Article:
Other features and their advantages will be readily apparent to those skilled in the art of stress measurement following a careful reading of the Detailed Description of Preferred Embodiments of the present invention accompanied by the following drawings.
In the drawings:
FIG. 1 is an example of a speckle pattern;
FIG. 2 is an example of a fringe pattern produced by a computer from two sequential speckle patterns;
FIG. 3 is a flow chart illustrating the method according to the present invention;
FIG. 4 is a schematic diagram of an apparatus for laser interferometry, for practice of the method of FIG. 3; and
FIG. 5 is a schematic diagram of an apparatus for heating a surface, for practice of the method of FIG. 3.
The present invention is a method for measuring stress in a material. The stress may be either residual or applied stress or a combination of both, although measuring residual stress is a particular concern of the present invention. "Measuring" means making a quantitative assessment of a physical characteristic of the material - - - in particular a fringe pattern - - - that correlates with stress and is made manifest in the steps of the present method, and then calculating the stress based on that assessment.
This method can be applied to many different materials. Certainly metals and metal alloys lend themselves well to this method and stress measurement in welded piping, aircraft bodies, and so on, is of particular importance. However, many plastics and glasses can also be the subject of the method if they deform plastically. Many objects deform elastically up to a point when, with the application of further stress, they deform plastically; that is, when a sufficient load is applied to an object and then removed, the final shape of the object will be different than the preloaded shape.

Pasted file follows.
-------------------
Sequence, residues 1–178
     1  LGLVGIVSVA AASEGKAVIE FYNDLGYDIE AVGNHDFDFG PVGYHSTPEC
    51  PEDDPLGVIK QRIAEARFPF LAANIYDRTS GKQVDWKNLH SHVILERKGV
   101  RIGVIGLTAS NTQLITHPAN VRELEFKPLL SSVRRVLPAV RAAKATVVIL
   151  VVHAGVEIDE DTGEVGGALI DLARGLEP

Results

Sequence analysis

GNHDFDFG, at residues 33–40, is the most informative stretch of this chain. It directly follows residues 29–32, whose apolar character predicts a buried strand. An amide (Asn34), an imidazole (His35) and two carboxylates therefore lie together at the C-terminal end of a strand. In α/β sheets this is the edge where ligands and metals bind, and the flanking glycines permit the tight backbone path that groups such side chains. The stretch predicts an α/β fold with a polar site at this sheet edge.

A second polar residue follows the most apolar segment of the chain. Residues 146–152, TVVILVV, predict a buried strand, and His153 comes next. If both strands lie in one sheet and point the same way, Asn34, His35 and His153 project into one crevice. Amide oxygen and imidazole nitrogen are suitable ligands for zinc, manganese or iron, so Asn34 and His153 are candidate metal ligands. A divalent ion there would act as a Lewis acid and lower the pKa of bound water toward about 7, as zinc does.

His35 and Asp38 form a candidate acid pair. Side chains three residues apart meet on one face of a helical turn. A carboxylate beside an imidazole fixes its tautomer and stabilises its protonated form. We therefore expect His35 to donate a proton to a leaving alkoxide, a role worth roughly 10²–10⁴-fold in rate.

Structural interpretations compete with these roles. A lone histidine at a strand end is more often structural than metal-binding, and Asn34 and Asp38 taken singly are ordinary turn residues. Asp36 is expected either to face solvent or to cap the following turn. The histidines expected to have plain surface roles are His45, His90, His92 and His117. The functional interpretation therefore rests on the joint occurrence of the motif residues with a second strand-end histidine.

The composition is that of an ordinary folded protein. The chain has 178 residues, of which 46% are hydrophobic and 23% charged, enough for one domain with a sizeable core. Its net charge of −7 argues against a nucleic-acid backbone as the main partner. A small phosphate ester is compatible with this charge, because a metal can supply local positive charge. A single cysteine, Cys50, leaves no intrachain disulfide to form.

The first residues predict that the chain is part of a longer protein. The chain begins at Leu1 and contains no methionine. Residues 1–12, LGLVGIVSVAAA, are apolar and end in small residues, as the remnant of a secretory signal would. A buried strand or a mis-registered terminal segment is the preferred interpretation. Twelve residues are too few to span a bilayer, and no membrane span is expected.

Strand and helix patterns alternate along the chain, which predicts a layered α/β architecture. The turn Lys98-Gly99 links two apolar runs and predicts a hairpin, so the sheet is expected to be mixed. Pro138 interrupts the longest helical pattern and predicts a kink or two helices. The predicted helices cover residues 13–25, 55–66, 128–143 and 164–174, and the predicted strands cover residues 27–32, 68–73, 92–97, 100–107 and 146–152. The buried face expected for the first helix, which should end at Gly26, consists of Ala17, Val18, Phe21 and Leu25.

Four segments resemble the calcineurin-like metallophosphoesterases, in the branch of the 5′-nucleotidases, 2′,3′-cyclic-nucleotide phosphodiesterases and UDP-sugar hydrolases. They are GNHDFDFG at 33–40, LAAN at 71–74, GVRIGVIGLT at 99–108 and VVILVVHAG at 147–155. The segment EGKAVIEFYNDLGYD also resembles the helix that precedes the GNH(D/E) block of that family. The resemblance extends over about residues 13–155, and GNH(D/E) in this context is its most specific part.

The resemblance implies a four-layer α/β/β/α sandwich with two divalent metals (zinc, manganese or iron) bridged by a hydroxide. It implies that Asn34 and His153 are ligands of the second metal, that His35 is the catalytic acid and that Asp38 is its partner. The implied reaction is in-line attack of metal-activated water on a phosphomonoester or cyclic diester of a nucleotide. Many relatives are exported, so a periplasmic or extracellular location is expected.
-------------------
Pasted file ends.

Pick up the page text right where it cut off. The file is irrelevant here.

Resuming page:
The method, illustrated in FIG. 3, involves the use of two lasers: a first laser for establishing an interference pattern or "speckle pattern" on the object, and a second laser to heat the object. The first laser is used to establish a first speckle pattern on the object before the stress is applied and then a second speckle pattern after the stress is relieved. The two patterns are recorded and stored for comparison by a computer technique called subtraction, where the bit values at each location of one speckle pattern are subtracted from the bit values at the corresponding locations of the other pattern. The result of the comparison is a "fringe pattern" that correlates to the stress present in the object and from which the amount of stress can be mathematically derived.
The first laser should be a "low power" laser; that is, it should simply illuminate the surface of the object in establishing the speckle pattern. The laser will then need to be sufficiently bright to illuminate the object from the distance the light must travel to and from the object. Preferably, the laser will be a helium-neon laser to meet the requisite brightness and spectrum of light.
The speckle patterns are established by the well known techniques of interferometry. In particular, a speckle pattern is produced when a laser beam is divided to form two beams of light, and the two beams are directed to the same, diffusely reflecting surface. The beams randomly interfere, to produce a grainy, speckly appearance that, on close inspection, comprises tiny regions of light and dark areas where the beams interfere constructively and destructively, respectively. FIG. 1 illustrates a typical speckle pattern of a specimen of Type 18-8 stainless steel under 48,621 lb/in2 (about 3,418 kg/cm2) tension. The light reflected by the surface, the first speckle pattern, is recorded and stored by a programmed, general or special purpose computer.